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Ethics Final Review
Terms in this set (50)
Why is studying ethics important?
Having good individual morals is not enough to stop ethical misconduct.
Ethics training helps provide collective agreement in diverse organizations.
Business ethics decisions can be complicated.
Helps to identify ethical issues when they arise and recognize the approaches available to resolve them.
What is business ethics becoming?
What is business ethics? (Principles, values)
Comprises organizational principles, values, and norms that may originate from individuals, organizational statements, or fro the legal system that primarily guide individual and group behavior in business.
Questions whether or not decisions are acceptable.
Values and judgments play a critical role.
Reflects whether the firm has an ethical conscience. Function of many factors.
Sarbenes Oxley/Dodd Frank Wall Street/FSGO
Sarbanes-Oxley act - 2002, Congress passed this to establish federal oversight of corporate accounting practices.
Dodd-Frank Wall Street reform and consumer protection act - Established in 2010 to increase accountability and transparency in the financial industry and protect consumers from deceptive financial practices.
Maximizing the entire positive outcome and minimizing the negative to society from business stand point.
4 Levels: Economic, Legal, Ethical, Philanthropic
Economic: Maximizing stakeholder wealth and/or value.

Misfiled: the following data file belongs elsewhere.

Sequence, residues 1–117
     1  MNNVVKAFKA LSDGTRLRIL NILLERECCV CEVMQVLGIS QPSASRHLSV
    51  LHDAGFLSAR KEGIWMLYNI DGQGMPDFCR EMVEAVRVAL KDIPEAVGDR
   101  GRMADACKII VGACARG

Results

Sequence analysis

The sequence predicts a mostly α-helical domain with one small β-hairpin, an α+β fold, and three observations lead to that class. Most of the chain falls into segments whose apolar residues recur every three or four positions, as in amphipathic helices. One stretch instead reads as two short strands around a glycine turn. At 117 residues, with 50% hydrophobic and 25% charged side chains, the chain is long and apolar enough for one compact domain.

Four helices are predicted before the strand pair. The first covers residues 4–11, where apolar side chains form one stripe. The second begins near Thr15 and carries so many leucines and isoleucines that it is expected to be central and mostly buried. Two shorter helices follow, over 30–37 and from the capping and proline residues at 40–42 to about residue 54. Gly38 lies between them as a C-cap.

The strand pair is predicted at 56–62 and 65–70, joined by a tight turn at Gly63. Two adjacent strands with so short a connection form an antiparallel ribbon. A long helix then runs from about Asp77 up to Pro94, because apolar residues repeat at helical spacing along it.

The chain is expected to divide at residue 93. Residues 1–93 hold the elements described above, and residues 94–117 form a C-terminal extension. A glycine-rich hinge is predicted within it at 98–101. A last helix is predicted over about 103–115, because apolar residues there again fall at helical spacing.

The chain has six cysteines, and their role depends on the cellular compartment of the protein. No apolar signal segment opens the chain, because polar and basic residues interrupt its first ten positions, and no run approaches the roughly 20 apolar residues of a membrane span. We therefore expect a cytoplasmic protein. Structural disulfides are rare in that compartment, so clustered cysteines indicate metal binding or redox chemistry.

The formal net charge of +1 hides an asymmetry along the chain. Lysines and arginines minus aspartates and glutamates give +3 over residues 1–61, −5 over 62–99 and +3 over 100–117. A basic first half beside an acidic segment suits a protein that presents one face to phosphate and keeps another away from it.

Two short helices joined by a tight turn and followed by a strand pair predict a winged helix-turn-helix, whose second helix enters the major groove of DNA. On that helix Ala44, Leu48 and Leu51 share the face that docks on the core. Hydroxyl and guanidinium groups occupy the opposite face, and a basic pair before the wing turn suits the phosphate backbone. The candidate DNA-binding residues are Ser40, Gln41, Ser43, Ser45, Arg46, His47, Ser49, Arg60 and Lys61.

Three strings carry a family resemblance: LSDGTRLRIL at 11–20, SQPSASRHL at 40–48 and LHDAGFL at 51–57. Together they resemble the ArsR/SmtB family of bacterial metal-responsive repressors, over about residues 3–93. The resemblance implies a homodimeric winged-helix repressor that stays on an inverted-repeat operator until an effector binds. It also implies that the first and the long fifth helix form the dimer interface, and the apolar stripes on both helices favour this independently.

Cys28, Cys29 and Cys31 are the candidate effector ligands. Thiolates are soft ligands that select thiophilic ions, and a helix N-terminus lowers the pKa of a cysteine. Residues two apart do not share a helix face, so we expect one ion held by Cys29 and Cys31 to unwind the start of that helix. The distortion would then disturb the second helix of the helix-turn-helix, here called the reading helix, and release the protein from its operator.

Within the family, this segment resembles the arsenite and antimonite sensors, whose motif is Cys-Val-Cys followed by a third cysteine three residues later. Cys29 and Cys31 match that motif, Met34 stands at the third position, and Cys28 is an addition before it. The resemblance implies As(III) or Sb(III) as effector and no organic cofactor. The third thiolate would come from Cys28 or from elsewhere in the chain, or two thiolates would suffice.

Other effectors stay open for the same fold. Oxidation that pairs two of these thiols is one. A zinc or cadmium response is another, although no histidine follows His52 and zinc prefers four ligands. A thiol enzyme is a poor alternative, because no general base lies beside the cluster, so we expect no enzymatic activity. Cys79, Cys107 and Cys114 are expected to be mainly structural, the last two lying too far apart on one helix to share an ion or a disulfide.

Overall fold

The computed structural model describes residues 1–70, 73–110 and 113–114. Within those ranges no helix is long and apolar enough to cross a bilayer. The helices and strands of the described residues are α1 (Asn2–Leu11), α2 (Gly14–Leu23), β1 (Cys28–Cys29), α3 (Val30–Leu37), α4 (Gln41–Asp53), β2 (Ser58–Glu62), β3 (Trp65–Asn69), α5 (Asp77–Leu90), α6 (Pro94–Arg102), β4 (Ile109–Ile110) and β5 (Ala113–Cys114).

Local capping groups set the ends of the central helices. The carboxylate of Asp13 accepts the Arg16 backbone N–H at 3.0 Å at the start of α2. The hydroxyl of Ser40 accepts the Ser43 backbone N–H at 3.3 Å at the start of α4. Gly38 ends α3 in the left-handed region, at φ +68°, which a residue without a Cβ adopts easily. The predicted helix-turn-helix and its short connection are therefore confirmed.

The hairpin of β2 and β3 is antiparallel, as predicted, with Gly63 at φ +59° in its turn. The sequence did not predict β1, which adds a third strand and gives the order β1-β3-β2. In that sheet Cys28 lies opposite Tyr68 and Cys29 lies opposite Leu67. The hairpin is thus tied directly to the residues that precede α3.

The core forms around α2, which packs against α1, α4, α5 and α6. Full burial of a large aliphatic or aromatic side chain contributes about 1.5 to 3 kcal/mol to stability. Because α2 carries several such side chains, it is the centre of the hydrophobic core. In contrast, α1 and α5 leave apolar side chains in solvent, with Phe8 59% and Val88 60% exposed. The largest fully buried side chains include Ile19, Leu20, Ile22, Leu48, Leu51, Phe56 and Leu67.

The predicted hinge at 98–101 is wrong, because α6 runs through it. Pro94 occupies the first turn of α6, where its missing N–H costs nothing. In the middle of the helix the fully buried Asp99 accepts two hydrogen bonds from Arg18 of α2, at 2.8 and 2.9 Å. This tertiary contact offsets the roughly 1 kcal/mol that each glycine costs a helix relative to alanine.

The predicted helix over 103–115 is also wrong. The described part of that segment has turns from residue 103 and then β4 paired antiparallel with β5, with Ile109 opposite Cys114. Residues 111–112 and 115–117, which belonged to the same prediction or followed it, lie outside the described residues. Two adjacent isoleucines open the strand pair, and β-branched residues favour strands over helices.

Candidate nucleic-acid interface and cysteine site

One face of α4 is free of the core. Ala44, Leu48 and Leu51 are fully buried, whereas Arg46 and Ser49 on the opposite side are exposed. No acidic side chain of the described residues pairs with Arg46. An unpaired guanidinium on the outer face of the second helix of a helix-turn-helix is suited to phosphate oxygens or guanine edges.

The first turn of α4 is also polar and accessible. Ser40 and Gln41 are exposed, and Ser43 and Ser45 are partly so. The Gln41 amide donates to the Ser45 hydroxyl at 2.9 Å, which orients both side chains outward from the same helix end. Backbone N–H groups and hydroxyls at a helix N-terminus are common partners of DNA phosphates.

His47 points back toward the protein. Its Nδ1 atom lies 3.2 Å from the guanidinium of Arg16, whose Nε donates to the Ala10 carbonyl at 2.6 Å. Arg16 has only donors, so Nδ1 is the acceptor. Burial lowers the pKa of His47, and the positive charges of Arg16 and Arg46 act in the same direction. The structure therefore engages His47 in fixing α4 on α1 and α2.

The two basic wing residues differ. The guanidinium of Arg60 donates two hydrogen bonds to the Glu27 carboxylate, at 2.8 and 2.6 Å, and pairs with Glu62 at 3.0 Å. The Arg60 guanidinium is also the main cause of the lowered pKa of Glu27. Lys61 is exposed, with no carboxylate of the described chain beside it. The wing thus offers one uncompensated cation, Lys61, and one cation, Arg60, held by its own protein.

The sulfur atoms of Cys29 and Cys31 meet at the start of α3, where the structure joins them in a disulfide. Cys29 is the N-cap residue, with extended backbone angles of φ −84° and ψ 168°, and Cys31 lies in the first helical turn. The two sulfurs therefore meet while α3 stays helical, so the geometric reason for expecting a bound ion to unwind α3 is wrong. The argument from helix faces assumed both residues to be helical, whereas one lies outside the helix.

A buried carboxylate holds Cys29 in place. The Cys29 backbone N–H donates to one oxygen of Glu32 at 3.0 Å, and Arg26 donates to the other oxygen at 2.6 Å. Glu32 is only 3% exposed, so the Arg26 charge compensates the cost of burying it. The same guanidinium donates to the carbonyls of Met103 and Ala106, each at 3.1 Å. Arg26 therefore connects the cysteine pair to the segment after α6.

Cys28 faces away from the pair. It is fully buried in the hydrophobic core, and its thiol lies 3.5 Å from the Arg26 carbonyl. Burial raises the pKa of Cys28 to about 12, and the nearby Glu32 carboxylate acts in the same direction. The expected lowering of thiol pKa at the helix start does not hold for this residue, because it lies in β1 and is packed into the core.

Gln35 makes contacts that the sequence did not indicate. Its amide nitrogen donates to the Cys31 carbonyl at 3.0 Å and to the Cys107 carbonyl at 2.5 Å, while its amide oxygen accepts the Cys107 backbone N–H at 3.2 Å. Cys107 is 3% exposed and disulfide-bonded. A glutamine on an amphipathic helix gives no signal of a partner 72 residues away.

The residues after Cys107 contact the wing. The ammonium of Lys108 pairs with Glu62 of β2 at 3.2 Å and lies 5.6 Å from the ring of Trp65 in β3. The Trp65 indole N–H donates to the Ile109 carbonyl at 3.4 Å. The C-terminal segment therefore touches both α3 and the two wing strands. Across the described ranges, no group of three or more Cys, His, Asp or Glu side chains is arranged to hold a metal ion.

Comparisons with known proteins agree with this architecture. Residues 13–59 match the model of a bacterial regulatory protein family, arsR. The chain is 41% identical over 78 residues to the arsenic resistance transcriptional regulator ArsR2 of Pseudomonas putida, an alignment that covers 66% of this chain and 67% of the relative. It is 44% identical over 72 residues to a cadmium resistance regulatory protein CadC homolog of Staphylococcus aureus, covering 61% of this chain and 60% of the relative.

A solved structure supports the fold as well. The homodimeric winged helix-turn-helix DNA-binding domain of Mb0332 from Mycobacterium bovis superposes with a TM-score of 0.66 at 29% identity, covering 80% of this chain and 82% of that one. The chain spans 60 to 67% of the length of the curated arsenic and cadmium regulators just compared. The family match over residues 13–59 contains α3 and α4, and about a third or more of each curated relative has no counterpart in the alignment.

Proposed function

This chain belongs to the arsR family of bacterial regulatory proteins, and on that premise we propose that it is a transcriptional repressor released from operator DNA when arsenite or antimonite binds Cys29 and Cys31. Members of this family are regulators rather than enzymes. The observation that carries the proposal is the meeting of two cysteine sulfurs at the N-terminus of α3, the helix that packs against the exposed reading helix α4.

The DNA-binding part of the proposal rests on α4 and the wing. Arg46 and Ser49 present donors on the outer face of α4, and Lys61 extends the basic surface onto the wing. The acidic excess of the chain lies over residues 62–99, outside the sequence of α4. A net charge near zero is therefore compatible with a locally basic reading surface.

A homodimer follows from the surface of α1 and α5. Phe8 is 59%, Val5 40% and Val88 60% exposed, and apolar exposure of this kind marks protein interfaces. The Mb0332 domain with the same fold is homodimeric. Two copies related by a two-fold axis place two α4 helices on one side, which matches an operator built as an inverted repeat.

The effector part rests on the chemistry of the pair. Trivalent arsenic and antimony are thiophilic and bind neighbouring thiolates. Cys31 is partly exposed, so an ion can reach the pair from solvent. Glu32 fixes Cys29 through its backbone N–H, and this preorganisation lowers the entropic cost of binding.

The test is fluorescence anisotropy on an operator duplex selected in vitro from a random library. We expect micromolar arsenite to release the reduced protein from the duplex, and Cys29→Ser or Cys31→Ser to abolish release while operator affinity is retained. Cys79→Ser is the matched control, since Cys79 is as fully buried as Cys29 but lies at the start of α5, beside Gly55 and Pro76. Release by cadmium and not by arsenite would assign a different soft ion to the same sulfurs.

Legal: Abiding by all laws and government regulations.
Ethical: Following standards of acceptable behavior as judged by stakeholders.
Philanthropic: Giving back to society.
How well businesses meet their economic, legal, ethical, and philanthropic responsibilities.
Mechanism for company to control top management team
Accountability - How closely workplace decision align with a firms strategic direction.
Oversight: A system of checks and balances to minimize opportunities for misconduct.
Control: The process of auditing and improving organizational decision and actions.
Stakeholder Orientation and Interaction Model
The degree to which you understand stakeholders and how well you listen to them. Interaction is the communication with the stakeholders.
Bribery, Harassment, Privacy, Conflicts of interest, Fraud
Concept of Optimization, Honesty, Trust, Integrity
Trade off between equity and efficiency
Honesty, Fairness, Integrity
Honesty - Truthfulness or trustworthiness
Fairness - The quality of being just, equitable, and impartial
Integrity - Uncompromising adherence to ethical values
The practice of offering something in order to gain an illicit advantage.
Conflicts of Interest
Cause Related Marketing
When marketing campaign is linked to a social problem in the current time
Aspects of Institutionalizations of Social Responsibility
Civil and Criminal Law
Civil Law: Defines the rights and duties of individuals and organizations.
Criminal Law: Prohibits specific actions and imposes punishments for breaking the law.
Habits of Ethical Leaders
1. Strong personal character.
2. Passion to do right.
4. Consider all stakeholders interest.
5. Role models for the organizations values.
6. Transparent and actively involved in decision-making.
7. Take a holistic view of the ¬firms' ethical culture.
Ethical Issue Intensity
The perceived relevance or importance of an ethical issue to the individual, work group, and/or organization.
6 Spheres of Influence
Workplace, Family, Religion, Legal System, Community, Profession
Different types of leaders
The most effective ethical leaders posses the ability to manage themselves and their relationships with other effectively, a skill known as emotional intelligence.
Transactional Leaders: Attempt to create employee satisfaction through negotiating, or bartering, for desired behaviors or levels of performance.